Social Security Administration

THE TAX ATTIC with Jerry Coon

November 10, 2011 // 0 Comments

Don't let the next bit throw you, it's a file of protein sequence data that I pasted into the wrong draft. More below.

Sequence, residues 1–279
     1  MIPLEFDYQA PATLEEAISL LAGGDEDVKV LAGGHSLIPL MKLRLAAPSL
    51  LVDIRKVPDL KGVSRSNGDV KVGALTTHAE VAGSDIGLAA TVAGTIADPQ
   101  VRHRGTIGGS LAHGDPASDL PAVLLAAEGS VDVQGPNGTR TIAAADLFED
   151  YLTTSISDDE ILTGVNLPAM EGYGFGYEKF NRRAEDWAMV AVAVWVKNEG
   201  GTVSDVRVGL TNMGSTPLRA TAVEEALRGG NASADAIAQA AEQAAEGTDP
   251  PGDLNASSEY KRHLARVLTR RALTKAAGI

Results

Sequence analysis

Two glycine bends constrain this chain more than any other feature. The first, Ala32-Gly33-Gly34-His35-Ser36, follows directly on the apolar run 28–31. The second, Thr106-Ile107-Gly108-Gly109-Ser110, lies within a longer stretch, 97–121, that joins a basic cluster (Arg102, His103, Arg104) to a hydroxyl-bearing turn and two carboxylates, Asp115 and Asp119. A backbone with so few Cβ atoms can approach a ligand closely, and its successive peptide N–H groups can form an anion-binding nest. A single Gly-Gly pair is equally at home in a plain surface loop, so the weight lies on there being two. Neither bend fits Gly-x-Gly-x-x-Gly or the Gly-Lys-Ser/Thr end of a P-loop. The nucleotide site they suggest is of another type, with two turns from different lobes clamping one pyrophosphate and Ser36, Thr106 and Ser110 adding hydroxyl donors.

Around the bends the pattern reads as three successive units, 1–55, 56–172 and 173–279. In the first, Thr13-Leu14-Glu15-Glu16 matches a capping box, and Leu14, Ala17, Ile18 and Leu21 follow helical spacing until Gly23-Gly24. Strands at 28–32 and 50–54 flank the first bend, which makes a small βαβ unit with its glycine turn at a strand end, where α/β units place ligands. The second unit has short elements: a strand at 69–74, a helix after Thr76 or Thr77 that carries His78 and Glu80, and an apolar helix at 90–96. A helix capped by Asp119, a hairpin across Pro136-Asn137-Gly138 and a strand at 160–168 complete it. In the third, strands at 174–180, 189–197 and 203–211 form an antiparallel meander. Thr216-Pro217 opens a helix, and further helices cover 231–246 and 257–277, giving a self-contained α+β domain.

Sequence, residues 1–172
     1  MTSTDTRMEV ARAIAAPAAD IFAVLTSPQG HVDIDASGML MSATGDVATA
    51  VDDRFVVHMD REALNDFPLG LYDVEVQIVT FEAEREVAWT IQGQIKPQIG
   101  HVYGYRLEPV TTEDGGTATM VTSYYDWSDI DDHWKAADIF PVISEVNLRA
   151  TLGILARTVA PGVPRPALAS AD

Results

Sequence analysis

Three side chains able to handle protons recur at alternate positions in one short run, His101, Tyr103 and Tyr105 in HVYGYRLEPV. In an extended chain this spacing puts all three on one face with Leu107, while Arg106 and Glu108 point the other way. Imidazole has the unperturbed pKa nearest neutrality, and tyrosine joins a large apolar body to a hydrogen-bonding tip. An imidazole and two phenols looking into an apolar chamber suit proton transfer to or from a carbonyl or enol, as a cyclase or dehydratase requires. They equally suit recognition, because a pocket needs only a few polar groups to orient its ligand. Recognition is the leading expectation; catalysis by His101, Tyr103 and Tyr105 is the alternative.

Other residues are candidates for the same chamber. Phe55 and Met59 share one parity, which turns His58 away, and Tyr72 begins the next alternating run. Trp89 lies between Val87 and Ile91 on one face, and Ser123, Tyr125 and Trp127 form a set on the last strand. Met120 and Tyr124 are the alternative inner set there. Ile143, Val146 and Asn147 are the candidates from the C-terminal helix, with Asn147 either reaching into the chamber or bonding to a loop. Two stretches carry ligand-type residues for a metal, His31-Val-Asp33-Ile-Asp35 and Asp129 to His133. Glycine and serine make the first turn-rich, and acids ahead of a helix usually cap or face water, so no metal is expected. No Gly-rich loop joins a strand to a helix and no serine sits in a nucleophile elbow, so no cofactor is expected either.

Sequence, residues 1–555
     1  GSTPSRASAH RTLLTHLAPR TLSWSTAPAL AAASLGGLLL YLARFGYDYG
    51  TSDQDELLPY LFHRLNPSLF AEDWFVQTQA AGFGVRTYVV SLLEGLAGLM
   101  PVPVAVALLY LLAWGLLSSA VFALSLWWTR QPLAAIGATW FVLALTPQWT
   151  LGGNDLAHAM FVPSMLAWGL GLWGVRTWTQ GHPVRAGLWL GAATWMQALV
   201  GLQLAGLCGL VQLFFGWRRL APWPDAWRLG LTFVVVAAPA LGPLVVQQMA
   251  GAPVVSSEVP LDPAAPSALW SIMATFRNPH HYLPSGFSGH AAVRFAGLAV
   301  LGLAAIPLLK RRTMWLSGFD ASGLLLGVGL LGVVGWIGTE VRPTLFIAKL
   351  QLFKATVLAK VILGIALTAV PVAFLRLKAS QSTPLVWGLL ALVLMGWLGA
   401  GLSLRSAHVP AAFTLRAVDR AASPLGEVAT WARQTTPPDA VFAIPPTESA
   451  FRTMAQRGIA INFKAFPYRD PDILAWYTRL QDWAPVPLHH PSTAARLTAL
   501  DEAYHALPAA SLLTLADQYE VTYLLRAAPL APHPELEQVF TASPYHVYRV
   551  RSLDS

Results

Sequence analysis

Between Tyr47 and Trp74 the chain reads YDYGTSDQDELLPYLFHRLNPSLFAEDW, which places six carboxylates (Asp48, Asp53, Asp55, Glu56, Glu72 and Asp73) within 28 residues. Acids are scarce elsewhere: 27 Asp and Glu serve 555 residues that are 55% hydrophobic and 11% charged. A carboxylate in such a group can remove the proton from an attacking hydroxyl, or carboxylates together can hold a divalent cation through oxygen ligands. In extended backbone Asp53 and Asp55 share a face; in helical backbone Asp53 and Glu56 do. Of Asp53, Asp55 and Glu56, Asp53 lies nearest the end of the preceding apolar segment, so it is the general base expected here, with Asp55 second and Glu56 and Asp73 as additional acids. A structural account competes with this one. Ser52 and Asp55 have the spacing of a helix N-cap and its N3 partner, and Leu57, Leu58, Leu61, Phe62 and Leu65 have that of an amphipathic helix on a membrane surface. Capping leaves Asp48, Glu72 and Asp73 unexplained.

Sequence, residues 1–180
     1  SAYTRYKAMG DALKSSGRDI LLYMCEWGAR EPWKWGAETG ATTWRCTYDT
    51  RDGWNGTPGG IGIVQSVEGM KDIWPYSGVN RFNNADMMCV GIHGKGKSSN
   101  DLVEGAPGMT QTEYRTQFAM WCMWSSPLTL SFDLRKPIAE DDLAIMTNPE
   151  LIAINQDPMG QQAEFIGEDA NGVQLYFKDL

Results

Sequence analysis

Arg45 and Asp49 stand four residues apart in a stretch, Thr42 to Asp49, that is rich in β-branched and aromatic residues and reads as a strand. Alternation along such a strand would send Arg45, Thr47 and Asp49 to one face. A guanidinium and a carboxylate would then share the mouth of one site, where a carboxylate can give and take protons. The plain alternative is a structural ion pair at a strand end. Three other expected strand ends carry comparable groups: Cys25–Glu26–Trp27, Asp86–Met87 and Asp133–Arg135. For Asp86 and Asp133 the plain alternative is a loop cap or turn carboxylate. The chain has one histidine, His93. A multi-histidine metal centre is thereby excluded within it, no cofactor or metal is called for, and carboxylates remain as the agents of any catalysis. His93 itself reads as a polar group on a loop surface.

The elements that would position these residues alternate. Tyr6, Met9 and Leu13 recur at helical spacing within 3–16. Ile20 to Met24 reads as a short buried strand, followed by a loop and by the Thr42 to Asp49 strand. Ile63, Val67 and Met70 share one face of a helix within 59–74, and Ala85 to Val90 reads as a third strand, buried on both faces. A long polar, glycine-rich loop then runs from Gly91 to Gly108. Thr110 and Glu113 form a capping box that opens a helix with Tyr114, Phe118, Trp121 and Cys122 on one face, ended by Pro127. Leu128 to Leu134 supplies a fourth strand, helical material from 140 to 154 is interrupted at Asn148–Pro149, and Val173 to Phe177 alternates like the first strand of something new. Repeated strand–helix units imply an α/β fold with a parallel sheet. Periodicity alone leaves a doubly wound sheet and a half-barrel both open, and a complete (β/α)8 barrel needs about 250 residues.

Increases in benefits Last week, the Department of Health and Human Services announced how much Medicare premiums would increase for 2012. It was previously announced by the Social Security Administration that Social Security recipients would enjoy a 3.6% increase in benefits beginning in January 2012. Exactly how much of that 3.6% the recipients would get to keep would be dependent upon how much Medicare premiums would also increase. It is interesting to know how the Social Security benefits and Medicare premiums interact. There is a provision in Social Security law, a hold-harmless provision that says a recipient’s Social Security check cannot be decreased due to an increase in Medicare premiums. As you remember, for the last two years Social Security checks have not increased. This means that although Medicare premiums have actually increased from $96.40 in 2009 to $99.90 in 2010 to $115.40 in 2011, none of these increases were applied to the approximately 73% of all recipients who were already receiving benefits in 2009. Their premiums stayed at $96.40 because their Social Security benefit could not be decreased. Those who signed up for Social Security in 2010 and 2011 paid the higher premium amount. One of the biggest surprises to come out of Washington lately has the 2012 Medicare premium decreasing from the $115.40 2011 amount down to $99.90—a 13.43% decrease. Since the states seem to be saying their Medicare costs are increasing exponentially, I fail to see how Medicare premiums could go down by 13.43%. I’m not holding my breath for my health insurance premiums to go down by 13.43%. In fact, I would be happy to see them only go up 13.43% next year. It almost makes one wonder if there is some funny government accounting going on here. The decrease down to $99.90 still means that Social Security benefits will be decreased by $3.50 per month. Recipients were paying $96.40 and now will be paying $99.90—the $3.50 increase. So, the overall decrease in Medicare premiums still results in an increase, but that’s a whole lot better than what it could have been. People who signed up for Medicare in 2010 and 2011 will also be paying the reduced amount of $99.90 in 2012. Another group of taxpayers will also receive an […]